Judith Martin, aka Miss Manners

Recorded July 18th, 2020

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Judith Martin
Saturday, July 18, 2020, 4pm pacific

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Judith Martin’s most recent book, Minding Miss Manners in an Era of Fake Etiquette, is a modern guide to modern manners in which Miss Manners guides you through these turbulent times with her timeless wisdom and archly acid wit.

Also known as Miss Manners, Judith has made tireless efforts to expand the understanding and exercise of etiquette which have not escaped official notice. During a White House ceremony In November, 2005, she was awarded the nation’s highest honor in the humanities, the National Humanities Medal, in recognition of her contributions to society as America’s foremost etiquette columnist and author.

Judith’s “Miss Manners” newspaper column — distributed thrice-weekly by the Universal UClick and carried in more than 200 newspapers in the United States and abroad — has chronicled the continuous rise and fall of American manners since 1978. Since 1996, she has been writing an additional “Miss Manners” column for the Microsoft Network, and she is a contributor to the Financial Times.

In addition to Minding Miss Manners in an Era of Fake Etiquette, Judith has also published Miss Manners’ Guide to a Surprisingly Dignified Wedding — co-authored with her daughter, Jacobina Martin — a manifesto against today’s monster weddings that explains how to plan nuptials that are charming, contemporary, affordable, and yet excruciatingly correct.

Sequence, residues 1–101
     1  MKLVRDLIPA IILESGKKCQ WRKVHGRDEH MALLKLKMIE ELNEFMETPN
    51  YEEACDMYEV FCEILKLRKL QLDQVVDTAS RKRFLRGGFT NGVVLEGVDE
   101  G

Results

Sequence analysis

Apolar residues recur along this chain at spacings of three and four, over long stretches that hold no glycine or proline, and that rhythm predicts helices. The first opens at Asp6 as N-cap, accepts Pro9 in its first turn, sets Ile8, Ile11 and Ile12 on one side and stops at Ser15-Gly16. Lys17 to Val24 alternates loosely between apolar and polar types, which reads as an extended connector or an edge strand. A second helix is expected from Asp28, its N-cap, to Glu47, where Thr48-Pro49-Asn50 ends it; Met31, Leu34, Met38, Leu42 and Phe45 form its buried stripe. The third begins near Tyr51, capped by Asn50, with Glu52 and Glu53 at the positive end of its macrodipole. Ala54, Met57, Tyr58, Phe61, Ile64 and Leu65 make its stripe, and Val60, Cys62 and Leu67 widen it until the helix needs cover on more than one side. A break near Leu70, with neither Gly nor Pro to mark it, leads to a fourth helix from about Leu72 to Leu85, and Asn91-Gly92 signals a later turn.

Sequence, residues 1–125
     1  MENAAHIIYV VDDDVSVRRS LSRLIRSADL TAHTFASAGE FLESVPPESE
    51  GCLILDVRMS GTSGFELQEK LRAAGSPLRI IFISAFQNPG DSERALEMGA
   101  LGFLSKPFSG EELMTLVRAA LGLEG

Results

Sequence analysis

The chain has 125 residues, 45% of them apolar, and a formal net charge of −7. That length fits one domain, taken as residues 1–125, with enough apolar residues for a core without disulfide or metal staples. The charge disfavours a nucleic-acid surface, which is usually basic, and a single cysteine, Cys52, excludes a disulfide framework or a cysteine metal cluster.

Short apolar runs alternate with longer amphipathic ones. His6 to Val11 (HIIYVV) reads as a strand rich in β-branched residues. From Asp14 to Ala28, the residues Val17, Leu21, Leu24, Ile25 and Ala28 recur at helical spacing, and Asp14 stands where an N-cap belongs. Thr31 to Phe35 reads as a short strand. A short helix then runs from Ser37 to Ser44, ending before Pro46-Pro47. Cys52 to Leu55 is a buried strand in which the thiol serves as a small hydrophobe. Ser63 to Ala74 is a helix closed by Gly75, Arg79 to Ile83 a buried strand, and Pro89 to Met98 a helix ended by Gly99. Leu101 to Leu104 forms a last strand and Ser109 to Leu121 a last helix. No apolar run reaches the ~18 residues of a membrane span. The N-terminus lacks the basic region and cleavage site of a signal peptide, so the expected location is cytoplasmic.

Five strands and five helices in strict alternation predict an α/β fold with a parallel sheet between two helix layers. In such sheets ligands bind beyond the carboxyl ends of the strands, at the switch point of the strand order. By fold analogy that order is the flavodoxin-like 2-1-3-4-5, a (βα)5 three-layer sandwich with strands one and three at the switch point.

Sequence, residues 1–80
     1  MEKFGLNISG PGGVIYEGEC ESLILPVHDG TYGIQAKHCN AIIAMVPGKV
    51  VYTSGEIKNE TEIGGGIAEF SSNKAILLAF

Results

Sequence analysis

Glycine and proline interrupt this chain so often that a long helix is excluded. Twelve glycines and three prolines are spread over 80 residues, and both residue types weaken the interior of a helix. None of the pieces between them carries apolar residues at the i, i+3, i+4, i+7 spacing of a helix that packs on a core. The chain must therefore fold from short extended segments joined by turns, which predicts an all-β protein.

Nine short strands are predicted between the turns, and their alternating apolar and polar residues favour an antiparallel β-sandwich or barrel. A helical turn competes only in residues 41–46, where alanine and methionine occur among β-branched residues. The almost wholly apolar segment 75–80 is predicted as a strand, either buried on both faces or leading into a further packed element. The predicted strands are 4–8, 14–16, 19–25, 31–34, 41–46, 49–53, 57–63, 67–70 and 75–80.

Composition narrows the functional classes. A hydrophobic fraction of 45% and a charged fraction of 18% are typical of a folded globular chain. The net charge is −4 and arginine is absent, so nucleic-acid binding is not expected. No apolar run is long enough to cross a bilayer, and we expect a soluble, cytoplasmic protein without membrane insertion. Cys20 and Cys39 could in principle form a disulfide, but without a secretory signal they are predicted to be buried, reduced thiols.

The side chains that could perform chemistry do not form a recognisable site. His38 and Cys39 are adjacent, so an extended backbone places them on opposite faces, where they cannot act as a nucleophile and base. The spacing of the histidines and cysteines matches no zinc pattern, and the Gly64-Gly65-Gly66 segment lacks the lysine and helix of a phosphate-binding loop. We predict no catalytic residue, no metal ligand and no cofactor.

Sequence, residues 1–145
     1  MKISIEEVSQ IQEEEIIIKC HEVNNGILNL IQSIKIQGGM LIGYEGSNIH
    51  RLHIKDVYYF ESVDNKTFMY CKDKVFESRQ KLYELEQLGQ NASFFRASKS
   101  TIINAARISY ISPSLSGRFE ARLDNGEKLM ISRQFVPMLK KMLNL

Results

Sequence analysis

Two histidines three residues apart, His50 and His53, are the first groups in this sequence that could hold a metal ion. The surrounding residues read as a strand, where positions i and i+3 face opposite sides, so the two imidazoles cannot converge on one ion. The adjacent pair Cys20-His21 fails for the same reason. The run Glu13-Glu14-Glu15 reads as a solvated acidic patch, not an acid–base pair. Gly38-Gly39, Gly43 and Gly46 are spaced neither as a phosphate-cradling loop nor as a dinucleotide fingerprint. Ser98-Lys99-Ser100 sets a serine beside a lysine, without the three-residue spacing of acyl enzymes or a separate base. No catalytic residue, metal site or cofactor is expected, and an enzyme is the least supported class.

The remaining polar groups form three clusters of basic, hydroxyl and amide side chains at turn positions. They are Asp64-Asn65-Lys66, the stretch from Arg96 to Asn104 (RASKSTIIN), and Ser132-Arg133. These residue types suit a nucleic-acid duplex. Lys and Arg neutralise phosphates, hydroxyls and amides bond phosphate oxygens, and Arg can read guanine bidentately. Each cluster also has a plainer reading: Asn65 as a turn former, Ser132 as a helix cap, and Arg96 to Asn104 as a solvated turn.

In addition, she has written No Vulgar Hotel: The Desire and Pursuit of Venice; Miss Manners’ Guide to Excruciatingly Correct Behavior (Freshly Updated); Star-Spangled Manners: In Which Miss Manners Defends American Etiquette (For a Change); Miss Manners’ Guide to Domestic Tranquility: The Authoritative Manual for Every Civilized Household, However Harried; Miss Manners’ Basic Training™: The Right Thing to Say; Miss Manners’ Basic Training™: Communication; Miss Manners’ Basic Training™: Eating; Miss Manners Rescues Civilization from Sexual Harassment, Frivolous Lawsuits, Dissing and Other Lapses in Civility; Miss Manners On Weddings; Miss Manners’ Guide for the Turn-of-the-Millennium; Miss Manners’ Guide to Rearing Perfect Children; Miss Manners’ Guide to Excruciatingly Correct Behavior, and two novels, Style and Substance and Gilbert. She is also the author of Common Courtesy: In Which Miss Manners Solves the Problem that Baffled Mr. Jefferson.

Born in Washington, D.C., and reared there and in foreign capitals, Judith is a graduate of Wellesley College and has been awarded honorary degrees. She and her husband, Robert Martin, a scientist and playwright, live in Washington D.C. They have two perfect children, Nicholas Ivor Martin, who is Director of Operations at Lyric Opera of Chicago, and Jacobina Helen Martin, who teaches improv comedy at Second City in Chicago.

“If you can’t be kind, at least be vague.”

– Miss Manners

A personal note from Judith Martin aka “Miss Manners”.

Sent July 21st, following her Conversations with Authors session.

Dear Literati,

        It was gracious of you to join us for a polite ramble through the wilds of etiquette. I trust that you, too, are reflecting on how we can improve normal life when we return to it— in big moral ways, of course, but also in inter-personal and ceremonial ones.

        For once I am glad I never got around to weeding my over-stuffed library, because I have been re-reading my favorites from over the decades. Allow me again to say how stunned I was by Alessandro Manzoni’s The Betrothed. When I last read it, I had thought that plagues were interesting only as part of history. Now, although I still find the heroine annoying —in a crisis, you can always count on her to fall apart—  I am mesmerized by the descriptions of mob psychology in regard to both politics and a pandemic.

        I am so glad to have had this opportunity— even if it did do me out of a trip to California. I hope to see all of you in person in better days.

Yours sincerely,

Judith Martin